“You wanna jump out of your seat and rush down to the debate stage and take a swing at him.” —Tagg Romney, describing his urge to slug President Obama during the second presidential debate
I wasn’t at all surprised when Mit(t)’s oldest boy got on the radio last week and started talking like a tough guy. For a long time now, Mit(t)’s No. 1 son has been itching for a fight—actually, a fake fight, since he has yet in his 42 years to so much as get a grass stain on his impeccably pressed chinos.
One might get the impression from Tagg’s remark about decking the president of the United States that his mom and the No. 2 son were holding him back, like a scene in some cheesy western where the cowardly drunk is growling, “Let me at him, I’ll show him who’s boss!” In reality, of course, the dutiful No. 1 son was sitting like a good boy next to his mom, wearing his usual deer-in-the-TV-lights expression, looking like a scaredy-cat version of George Stephanopoulos, for whom he’s often mistaken on the campaign trail.
Knowing Tagg as I do, the only way he would rush the stage and punch the president is if the rest of his brothers—Wham, Zap, Bam, Boink and Bluto—were pinning the president to the ground, much in the preferred Romney style, made famous by young Mit(t) at his prep school, when several of his fellow bullies immobilized a long-haired gay classmate while master Mit(t) snipped off the crybaby’s offending forelock.
It’s been sad for me to witness (I almost feel like an uncle to the boys) the devolution of Tagg from a tenderhearted sensitive young lad to the latter-day blustery bully he is today. It’s hard to pinpoint what set the No. 1 son on the road to bullyhood. But if I had to hazard a guess, I would point to the now-legendary family car trip, when the beloved Irish setter Seamus was tied to the top of the Romney station wagon for the 13-hour journey across the windy plains of Canada.
It was the “overly sensitive” Tagg who noticed liquefied s—t dripping down from the roof on to the back window in light-brown rivulets. The bowels of the unfortunate canine had let loose in terror as he surfed the wild Canadian winds. The crybaby No. 1 son somehow prevailed on master Mit(t) to pull over and rescue poor Seamus from the wind. Alas, Seamus was simply hosed off and hoisted back on top of the car. Father Romney’s exact words are lost to history, but his sentiments were reportedly similar to the ones he expressed with regard to the 47 percent of Americans who won’t take responsibility for their deadbeat lives.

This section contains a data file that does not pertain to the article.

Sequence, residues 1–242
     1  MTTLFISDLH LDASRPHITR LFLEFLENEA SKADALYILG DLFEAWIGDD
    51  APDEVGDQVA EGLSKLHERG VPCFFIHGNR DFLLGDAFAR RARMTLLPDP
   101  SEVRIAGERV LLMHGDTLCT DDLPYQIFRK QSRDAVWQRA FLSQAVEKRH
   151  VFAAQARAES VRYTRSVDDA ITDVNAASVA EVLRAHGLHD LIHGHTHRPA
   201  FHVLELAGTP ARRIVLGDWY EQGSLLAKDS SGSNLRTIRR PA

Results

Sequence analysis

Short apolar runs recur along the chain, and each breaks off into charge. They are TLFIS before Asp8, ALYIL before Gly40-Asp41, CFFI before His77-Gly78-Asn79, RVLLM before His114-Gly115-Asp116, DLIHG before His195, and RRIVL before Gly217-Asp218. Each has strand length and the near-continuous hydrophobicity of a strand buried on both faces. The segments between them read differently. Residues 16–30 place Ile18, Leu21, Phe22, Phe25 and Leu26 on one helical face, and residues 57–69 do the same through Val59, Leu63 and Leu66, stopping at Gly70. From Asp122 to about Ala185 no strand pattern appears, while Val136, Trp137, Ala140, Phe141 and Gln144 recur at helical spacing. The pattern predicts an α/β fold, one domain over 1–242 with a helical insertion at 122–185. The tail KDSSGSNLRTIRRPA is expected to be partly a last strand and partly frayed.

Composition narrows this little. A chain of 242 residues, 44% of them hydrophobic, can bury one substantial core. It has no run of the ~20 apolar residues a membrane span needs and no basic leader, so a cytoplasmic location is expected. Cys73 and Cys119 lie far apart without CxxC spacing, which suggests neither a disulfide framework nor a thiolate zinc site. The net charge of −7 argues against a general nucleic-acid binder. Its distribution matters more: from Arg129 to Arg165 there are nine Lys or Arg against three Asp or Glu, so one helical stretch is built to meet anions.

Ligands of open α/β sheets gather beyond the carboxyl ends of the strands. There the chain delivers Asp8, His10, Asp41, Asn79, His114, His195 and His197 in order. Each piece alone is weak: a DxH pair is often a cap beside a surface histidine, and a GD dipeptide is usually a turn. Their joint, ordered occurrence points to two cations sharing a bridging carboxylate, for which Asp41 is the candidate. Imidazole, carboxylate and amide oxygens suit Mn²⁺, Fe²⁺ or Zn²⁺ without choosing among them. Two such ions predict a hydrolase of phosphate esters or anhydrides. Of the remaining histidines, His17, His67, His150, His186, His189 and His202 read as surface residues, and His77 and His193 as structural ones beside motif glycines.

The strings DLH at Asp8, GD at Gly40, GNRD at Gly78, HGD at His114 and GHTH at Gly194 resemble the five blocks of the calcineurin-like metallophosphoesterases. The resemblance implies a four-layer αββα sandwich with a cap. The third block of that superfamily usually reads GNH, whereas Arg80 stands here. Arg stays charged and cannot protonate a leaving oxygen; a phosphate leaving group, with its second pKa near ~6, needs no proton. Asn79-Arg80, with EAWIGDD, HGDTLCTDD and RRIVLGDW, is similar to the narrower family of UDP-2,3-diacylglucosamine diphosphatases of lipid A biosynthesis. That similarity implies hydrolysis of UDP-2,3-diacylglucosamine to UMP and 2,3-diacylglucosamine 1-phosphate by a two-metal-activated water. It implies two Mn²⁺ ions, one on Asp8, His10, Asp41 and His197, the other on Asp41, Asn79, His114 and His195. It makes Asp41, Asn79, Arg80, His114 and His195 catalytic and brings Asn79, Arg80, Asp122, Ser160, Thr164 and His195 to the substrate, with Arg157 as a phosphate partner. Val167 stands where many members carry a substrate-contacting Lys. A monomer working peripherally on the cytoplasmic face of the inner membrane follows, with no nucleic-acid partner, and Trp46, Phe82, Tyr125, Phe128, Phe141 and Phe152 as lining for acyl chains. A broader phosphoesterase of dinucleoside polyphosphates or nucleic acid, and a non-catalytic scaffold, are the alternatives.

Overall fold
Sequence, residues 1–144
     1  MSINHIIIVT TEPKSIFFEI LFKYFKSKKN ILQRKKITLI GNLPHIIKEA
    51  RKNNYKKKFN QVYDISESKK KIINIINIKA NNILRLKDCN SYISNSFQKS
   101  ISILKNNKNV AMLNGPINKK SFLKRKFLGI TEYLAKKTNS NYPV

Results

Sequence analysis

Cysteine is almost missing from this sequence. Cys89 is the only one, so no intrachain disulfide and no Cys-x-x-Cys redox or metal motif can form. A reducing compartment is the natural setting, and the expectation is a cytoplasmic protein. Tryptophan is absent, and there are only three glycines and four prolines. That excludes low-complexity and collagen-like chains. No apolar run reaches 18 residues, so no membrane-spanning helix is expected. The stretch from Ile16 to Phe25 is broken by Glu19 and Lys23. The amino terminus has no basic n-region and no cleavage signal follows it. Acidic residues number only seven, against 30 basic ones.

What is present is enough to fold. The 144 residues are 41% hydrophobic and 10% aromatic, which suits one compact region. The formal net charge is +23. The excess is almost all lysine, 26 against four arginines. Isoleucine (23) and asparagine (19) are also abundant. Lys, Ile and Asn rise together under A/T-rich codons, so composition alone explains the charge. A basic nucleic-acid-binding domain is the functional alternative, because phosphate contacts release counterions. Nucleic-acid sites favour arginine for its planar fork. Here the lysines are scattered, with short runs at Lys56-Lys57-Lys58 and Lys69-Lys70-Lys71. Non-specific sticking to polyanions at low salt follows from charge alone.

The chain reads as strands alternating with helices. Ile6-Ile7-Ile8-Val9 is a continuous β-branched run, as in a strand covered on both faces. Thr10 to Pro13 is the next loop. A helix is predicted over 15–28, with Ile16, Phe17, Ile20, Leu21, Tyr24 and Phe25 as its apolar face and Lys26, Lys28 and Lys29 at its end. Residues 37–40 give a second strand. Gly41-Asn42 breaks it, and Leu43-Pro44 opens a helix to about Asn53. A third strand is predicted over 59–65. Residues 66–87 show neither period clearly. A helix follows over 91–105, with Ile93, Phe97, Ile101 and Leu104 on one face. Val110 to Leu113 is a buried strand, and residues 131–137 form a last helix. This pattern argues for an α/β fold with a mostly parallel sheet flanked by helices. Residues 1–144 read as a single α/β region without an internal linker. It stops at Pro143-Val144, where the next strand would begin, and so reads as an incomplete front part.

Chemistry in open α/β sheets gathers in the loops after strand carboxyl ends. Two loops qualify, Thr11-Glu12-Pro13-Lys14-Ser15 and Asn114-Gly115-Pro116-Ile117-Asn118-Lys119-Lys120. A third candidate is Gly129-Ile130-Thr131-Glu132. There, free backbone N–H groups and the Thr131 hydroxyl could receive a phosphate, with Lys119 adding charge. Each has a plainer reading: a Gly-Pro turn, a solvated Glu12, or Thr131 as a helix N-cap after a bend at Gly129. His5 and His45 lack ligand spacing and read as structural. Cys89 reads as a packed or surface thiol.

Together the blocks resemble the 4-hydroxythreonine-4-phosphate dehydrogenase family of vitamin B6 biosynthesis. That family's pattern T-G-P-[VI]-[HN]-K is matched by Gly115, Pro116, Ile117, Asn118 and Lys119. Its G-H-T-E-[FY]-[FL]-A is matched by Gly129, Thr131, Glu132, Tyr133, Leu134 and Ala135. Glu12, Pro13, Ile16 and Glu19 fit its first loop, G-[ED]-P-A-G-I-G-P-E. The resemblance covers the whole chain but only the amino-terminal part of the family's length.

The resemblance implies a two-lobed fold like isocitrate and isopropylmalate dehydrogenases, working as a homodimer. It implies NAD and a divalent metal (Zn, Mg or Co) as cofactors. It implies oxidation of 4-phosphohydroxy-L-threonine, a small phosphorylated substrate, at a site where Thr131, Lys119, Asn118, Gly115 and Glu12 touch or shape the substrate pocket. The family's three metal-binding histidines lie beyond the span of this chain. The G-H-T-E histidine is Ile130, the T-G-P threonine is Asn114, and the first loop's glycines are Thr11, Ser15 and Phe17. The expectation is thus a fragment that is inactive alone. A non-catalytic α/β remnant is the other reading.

“Seamus expects us to take care of him, and just because he plays the victim by shitting all over himself, and more importantly, all over my car, I can’t be bothered by him because nothing I say or do will make him buck up and be a real dog. As for you, Taggster, let this be a lesson. You can’t go through life as a whiny wuss. But, it is OK to be a whiny bully like me and browbeat people into giving you what you are entitled to, even if you’re not.”
From that moment on, according to close associates, Tagg adopted the Romney way, though it has been a struggle for him to be the manly man master Mit(t) wants him to be. Sometimes, late at night, Tagg will get wistful and open his heart to like-minded sensitive soul mates.
“You know,” Tagg will say, “sometimes I wish I wasn’t tagged with this macho Tagg moniker. Why couldn’t I, for instance, have been christened with a more sensitive name, something like Wally or Stanley or Norman. Heck, I would have been happy with Willard, which my dad thinks is the wimpiest name in the world. At least I’ll have a better name in the eternal world. As soon as I heard them intone my new secret name, I thought to myself, Floyd, yeah, I can live with that.”
Be that as it may, the Taggster, if his dad makes it to the White House, is destined to join the illustrious pantheon of embarrassing relatives of the president. I personally think he will easily outperform the doofus Roger Clinton, and, you never know, maybe he will someday be as beloved as Billy Carter.
D.P. Sorensen writes a satire column for City Weekly.